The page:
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2016 is fast approaching - will redecorating your home’s interior be one of the resolutions you set yourself as you welcome in the new year? If so, these five major interior design trends for the coming twelve months will help you in rejuvenating and upgrading your living space. Enjoy the journey of redecorating anew, but don’t forget to embrace your home’s quirks while incorporating one or a few of these definitive styles to maintain a lively home balance.

Artisan accent pieces

It’s the year to start finding inspiration in locally made goods, and those from further afield but crafted by small-scale artisans. If you can manage both, by patronizing individual craftsmen and women in your own area, then so much the better! Nubby wool, natural fibers, organic shapes, and neutral hues will be the go-to textures, designs and colors for home interiors in 2016. Those handcrafted and vintage finds you picked up while traveling or browsing local shops and flea markets are set to take center stage. Don’t be afraid to mix these unique pieces, and their personal stories about your life, with big-box store furniture or even high-end interiors - they can be a great way to soften out bold colors and dramatic statement pieces.

Mixed metallics

One major trend foreseen for the year is decorating with mixed metallics. Just a touch of these metals can instantly make your space more infinitely glamorous. Both glimmering and warm metals - such as silver, platinum, brass, gold, copper, and those in rose tones - have the power to give a mid-century retro nod to otherwise dull areas of a room. Make sure you mix your assortment of metallic pieces with different, softer textures like mohair, velvet and wool, in order to balance them out and avoid going overboard on the bling-bling.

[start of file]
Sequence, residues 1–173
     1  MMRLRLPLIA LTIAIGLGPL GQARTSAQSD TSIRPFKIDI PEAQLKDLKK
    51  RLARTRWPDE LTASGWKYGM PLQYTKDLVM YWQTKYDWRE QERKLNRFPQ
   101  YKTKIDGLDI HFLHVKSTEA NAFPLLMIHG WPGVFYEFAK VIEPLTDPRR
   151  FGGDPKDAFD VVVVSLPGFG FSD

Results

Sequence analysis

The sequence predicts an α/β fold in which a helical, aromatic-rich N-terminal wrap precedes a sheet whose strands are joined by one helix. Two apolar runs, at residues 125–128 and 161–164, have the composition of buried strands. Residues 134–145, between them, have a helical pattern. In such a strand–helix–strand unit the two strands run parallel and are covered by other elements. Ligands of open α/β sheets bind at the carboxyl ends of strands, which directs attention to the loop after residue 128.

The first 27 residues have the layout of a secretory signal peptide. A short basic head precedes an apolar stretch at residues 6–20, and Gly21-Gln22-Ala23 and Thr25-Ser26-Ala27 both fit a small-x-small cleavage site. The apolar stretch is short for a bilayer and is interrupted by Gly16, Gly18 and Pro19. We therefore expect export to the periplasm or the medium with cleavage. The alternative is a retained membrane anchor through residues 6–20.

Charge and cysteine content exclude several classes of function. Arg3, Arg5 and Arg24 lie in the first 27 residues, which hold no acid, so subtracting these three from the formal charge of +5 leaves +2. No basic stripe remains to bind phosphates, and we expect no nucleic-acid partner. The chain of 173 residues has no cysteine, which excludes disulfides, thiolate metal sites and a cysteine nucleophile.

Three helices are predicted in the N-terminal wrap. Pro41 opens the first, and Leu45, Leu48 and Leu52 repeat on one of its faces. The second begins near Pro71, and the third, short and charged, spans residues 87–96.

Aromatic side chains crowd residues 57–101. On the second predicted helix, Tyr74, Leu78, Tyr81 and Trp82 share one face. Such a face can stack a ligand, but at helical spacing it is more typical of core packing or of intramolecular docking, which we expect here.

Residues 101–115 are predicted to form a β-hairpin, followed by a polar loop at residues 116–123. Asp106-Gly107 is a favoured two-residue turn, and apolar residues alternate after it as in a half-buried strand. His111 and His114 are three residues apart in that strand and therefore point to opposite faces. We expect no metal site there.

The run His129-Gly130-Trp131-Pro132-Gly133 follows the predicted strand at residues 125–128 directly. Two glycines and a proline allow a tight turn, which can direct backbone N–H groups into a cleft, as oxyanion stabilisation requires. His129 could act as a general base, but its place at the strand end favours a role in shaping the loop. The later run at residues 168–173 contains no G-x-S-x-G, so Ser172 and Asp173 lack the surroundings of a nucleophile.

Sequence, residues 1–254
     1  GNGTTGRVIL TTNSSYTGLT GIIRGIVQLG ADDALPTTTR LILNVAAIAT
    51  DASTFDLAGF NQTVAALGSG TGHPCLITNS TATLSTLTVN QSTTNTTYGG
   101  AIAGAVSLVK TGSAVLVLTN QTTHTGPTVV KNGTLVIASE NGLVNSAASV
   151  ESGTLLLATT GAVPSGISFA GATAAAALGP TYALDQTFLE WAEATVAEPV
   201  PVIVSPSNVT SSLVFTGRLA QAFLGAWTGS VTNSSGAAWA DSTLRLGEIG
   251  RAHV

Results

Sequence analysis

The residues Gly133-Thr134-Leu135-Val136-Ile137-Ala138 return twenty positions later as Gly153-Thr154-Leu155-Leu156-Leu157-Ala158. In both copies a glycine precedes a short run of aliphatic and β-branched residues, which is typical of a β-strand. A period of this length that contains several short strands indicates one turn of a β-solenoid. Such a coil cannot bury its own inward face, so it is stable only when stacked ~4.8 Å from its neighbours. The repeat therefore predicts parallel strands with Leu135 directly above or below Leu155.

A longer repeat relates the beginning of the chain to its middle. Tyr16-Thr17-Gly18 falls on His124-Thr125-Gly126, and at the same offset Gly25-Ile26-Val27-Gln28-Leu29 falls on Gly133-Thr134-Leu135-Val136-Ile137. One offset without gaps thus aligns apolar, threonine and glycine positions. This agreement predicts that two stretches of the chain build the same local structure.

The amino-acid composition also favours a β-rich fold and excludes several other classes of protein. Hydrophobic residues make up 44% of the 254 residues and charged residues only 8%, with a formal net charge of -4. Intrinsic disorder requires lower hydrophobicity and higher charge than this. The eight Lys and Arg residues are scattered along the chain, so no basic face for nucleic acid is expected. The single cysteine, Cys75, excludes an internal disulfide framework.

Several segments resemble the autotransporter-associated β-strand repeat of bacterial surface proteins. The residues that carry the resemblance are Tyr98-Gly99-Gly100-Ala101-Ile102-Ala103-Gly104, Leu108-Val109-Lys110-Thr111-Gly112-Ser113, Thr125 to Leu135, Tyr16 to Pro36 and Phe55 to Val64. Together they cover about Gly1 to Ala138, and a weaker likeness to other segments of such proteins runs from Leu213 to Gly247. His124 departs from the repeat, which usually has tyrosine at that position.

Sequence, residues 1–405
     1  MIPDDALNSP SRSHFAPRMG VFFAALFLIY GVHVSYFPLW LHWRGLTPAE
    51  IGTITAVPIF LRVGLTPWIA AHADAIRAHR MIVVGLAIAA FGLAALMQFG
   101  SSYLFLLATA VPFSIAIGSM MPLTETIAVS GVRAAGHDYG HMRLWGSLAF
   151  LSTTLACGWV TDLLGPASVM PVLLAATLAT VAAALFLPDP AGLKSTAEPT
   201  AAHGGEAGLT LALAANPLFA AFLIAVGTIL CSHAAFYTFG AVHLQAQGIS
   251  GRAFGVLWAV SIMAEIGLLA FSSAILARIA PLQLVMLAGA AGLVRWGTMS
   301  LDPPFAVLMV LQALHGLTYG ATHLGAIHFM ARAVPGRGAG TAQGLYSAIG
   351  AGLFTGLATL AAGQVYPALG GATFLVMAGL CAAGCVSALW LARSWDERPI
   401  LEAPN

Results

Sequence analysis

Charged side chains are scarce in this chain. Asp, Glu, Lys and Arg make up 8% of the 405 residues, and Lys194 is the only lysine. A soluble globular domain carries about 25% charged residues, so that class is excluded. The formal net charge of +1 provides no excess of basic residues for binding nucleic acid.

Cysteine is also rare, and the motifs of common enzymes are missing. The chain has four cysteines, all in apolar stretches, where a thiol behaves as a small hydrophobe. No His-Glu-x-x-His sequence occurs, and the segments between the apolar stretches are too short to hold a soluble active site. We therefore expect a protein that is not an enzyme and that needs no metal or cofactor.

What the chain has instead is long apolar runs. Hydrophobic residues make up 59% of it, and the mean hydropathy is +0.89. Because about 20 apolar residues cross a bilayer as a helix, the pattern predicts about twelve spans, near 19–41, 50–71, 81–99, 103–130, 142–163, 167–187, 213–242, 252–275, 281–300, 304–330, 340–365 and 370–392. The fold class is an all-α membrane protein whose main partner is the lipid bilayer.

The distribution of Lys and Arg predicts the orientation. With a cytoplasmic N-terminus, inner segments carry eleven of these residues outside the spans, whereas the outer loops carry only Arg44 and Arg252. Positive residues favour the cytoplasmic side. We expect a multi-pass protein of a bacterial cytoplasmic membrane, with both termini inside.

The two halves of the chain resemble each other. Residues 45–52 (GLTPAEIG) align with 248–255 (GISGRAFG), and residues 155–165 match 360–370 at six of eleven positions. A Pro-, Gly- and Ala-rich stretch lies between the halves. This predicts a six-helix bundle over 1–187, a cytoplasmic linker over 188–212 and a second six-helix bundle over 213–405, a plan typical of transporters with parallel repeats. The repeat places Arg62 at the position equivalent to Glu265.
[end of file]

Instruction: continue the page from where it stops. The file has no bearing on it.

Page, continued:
Eco and sustainable

A lush green and natural presence is coming in strong, bringing the outdoors indoors. As this trend progresses, we expect to see more greenery and other environmentally friendly design choices being injected into homes, even in less obvious spaces like the bathroom or kitchen. Aside from the obvious opportunities to build plant life and garden elements into home interiors, sustainability will also be at the heart of design choices next year. We’ve seen the popularity of upcycling grow in recent times, and recycling, repurposing, reinventing, and reusing will be buzzwords for both homeowners and furniture designers in 2016.

Art Deco inspiration

‘Farmhouse chic’ is officially on its way out, as Art Deco-inspired patterns are among some of the biggest design trends set to take center stage 2016. Natural colors and textures will be contrasted by retro Art Deco statement pieces, as the style makes a bold comeback with its trademark geometric patterns and honeycomb shapes woven into everything from wallpaper to artwork. Fluid geometry is on the up more widely, too. Wax-based encaustic-painted tiles will also be popping up on kitchen backsplashes, floors and countertops, bathroom showers, and even on fireplace mantles.

Color drama

With Art Deco seeing a resurgence in 2016, so will dramatic use of color. Bold, statement hues can be put to great effect on almost anything, from tropical motifs on wallpaper, trays and vases, to ethnic or tribal prints and patterns on furniture, walls, and pillow cases. These motifs are already somewhat of a standard in the world of design but, for an idea of what to expect next year, think ‘new interpretations’ in color. That means bold reds, vibrant oranges, mustard yellows and natural greens, mixed with a traditional palette of blacks, browns, grays, and creams. When incorporating bold color into a space, make sure you focus on an overall dramatic theme. You can do this by using a thread of a color or strong shade that is continued from room to room, creating fluid movement and visual harmony.

What should you expect overall from the world of interior design in 2016? And how should you go about bringing these trends into your own home? Be brave in creating truly custom looks by showcasing artisan pieces, mixing metallics, bringing nature indoors, injecting geometric patterns, and using bold color - all in a harmonious fashion. You don’t need to follow these trends word for word but, by keeping them in mind as you consider which redecoration and renovation projects to tackle in the year ahead, you’ll keep your home updated and on-trend, as well as providing a fresh look for you and your family to enjoy all year.

Want to entrust your home interior dilemmas to the professionals, while you focus on relaxing with friends and family, starting the new year as you mean to go on? Turn to Sharper Impressions Painting, and we’ll make sure your home is always on-trend and looking its best - just give our helpful team a call and see what we can do to help.